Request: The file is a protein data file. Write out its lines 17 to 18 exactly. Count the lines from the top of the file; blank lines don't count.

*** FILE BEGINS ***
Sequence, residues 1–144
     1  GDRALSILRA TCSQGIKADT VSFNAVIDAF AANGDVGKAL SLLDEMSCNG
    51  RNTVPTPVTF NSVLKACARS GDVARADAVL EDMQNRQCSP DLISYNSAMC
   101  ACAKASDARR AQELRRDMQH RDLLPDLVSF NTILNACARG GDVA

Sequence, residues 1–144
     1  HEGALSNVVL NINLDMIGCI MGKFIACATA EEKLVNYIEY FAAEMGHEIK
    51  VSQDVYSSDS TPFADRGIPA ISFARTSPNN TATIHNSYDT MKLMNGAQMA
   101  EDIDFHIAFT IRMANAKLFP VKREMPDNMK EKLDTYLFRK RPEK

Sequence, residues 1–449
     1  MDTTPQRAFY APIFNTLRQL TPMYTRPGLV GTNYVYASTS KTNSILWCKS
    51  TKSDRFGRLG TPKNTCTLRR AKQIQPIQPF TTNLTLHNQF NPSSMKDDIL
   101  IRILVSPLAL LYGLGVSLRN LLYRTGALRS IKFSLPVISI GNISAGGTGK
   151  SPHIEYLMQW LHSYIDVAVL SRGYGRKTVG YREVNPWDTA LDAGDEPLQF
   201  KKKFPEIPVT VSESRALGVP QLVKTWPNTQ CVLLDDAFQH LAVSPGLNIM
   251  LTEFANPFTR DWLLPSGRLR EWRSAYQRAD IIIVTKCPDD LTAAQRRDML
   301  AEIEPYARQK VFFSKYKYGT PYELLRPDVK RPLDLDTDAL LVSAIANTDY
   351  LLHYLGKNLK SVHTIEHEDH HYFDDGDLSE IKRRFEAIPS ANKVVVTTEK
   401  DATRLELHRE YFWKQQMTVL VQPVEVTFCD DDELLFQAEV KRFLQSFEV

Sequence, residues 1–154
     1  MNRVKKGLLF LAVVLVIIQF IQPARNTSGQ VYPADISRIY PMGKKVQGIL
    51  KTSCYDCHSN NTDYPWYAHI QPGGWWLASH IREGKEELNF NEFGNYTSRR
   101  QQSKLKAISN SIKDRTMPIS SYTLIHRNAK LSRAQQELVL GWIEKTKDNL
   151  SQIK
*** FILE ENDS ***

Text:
   351  LLHYLGKNLK SVHTIEHEDH HYFDDGDLSE IKRRFEAIPS ANKVVVTTEK
   401  DATRLELHRE YFWKQQMTVL VQPVEVTFCD DDELLFQAEV KRFLQSFEV